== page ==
"We are looking at a worst-case scenario."


Following tens of thousands of earthquakes rocking the Reykjanes Peninsula southwest of Iceland's capital Reykjavík, a massive volcano officially erupted early Tuesday morning local time.

As The New York Times reports, officials are now worried about an impending disaster.

"We are looking at a worst-case scenario," volcanologist Thorvaldur Thordarson told the newspaper. "The eruption appears big, and only about two kilometers from major infrastructure."

Officials are particularly worried about the eruption's proximity to the nearby Svartsengi geothermal power plant.

Footage being shared on social media shows gigantic plumes of lava being spewed into the sky.

"Unreal," Iceland-based nature photographer Thrainn Kolbeinsson wrote in a Threads post. "Way bigger and more powerful than the last few eruptions."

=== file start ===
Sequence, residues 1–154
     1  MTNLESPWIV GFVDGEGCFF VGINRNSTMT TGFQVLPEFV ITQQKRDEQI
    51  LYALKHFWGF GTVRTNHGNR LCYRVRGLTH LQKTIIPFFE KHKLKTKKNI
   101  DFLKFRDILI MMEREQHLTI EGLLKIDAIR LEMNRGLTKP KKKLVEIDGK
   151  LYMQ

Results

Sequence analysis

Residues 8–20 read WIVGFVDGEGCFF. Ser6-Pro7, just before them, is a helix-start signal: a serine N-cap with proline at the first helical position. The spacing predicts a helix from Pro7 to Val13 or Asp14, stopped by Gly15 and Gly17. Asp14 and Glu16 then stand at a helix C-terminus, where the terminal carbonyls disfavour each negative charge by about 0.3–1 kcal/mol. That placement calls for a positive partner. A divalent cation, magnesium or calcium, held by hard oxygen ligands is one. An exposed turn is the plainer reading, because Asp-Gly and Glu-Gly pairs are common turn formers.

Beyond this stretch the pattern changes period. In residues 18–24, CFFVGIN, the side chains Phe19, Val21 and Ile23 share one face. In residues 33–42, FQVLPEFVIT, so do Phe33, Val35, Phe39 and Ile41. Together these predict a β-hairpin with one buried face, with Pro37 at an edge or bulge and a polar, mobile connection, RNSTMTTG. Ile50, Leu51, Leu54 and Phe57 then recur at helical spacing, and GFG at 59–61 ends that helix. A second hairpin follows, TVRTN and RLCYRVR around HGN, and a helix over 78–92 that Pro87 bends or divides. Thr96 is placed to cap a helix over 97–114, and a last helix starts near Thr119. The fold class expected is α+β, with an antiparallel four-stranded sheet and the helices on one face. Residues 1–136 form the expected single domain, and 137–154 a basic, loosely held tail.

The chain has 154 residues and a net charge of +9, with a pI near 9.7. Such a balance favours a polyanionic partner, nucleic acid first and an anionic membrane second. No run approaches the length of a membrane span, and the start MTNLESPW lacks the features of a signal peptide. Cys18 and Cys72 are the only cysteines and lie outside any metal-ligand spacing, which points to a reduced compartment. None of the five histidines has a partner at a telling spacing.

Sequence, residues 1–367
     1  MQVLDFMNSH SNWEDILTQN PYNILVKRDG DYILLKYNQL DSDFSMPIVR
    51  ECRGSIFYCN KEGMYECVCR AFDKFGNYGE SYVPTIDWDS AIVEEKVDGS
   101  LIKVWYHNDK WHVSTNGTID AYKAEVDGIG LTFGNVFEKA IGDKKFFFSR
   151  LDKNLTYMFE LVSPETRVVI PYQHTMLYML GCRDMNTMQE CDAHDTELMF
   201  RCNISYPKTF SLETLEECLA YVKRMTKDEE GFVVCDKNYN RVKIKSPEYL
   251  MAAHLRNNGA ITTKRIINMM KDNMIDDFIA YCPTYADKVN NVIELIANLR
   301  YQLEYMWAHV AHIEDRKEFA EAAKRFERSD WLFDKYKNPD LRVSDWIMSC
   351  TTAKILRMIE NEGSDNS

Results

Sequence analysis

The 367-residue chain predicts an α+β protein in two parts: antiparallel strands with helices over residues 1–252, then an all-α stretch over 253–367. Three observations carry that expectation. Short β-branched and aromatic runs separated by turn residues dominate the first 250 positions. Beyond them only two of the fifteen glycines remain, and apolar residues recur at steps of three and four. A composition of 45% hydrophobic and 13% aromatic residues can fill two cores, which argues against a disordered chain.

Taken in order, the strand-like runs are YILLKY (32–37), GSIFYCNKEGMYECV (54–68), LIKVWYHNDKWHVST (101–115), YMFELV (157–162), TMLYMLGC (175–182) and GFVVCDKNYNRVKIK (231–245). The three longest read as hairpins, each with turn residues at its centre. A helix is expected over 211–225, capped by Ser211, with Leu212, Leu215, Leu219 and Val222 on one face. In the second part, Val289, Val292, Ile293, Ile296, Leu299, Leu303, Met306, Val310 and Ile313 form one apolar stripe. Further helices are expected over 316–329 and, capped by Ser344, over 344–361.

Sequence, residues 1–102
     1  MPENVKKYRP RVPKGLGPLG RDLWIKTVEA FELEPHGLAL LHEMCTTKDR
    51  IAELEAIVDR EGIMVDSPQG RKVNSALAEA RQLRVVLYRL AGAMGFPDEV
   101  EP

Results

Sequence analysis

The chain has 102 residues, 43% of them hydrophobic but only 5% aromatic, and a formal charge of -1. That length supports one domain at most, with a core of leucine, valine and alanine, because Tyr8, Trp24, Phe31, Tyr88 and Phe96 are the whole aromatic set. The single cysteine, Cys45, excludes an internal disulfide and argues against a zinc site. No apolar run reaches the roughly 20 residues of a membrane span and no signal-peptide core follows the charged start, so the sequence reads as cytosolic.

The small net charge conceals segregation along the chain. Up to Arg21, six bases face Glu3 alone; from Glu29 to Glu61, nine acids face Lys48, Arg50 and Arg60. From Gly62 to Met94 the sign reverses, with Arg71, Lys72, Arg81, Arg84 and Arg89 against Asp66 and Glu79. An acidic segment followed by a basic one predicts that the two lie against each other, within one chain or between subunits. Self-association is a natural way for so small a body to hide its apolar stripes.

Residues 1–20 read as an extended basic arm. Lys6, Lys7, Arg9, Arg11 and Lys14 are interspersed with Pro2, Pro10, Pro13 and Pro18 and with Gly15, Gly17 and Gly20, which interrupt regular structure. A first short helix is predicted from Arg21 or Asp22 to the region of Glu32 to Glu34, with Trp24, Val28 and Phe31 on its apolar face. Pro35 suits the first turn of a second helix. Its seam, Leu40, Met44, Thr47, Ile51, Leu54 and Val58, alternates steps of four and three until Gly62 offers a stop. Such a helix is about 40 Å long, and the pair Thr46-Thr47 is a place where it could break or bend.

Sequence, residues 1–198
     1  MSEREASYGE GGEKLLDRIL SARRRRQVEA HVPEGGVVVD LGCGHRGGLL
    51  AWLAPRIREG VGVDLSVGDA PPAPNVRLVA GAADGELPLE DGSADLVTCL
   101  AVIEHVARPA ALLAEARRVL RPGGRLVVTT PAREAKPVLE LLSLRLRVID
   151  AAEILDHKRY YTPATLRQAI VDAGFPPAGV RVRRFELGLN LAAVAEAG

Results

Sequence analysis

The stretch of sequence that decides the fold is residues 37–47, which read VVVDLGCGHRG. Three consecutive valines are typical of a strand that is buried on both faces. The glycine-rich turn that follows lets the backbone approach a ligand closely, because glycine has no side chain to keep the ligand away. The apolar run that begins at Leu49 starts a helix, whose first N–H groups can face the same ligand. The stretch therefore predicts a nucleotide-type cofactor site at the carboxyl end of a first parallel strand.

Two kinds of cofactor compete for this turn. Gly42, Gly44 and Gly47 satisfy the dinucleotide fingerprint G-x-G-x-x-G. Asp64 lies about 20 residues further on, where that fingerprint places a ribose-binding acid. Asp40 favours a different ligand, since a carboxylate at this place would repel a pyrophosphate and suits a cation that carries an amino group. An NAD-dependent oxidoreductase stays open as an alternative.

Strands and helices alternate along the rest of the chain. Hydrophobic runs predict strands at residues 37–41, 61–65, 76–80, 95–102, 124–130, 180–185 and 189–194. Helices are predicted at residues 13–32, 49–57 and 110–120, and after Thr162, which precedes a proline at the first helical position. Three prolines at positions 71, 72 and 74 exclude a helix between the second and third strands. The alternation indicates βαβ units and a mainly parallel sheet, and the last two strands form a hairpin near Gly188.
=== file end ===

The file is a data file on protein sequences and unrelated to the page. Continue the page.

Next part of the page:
Footage shot from a coast guard helicopter shows an almost apocalyptic scene, with a massive wall of lava lighting up the nighttime scene. According to the NYT, some of these lava fountains are reaching up to 330 feet and are visible from the center of Reykjavík.

"There are super-high plumes of magma," Thordarson told the Iceland Monitor. "Now it’s a total guess, but the highest plumes are probably 150 meters [492 feet]."


Fortunately, the nearby town of Grindavík was evacuated weeks ago due to heightened seismic activity.

At the time, massive steaming cracks opened up in the ground surrounding the town of 4,000 residents, which is less than an hour away from the island nation's capital.

Per the Iceland Monitor, it's the fourth eruption to rock the Reykjanes peninsula in just three years. The catalyst appears to have been a 4.2 magnitude quake that hit the area around 9 pm Monday evening local time.

More on the earthquake: Huge Crack Opens Up in Iceland, Steam Pouring Forth

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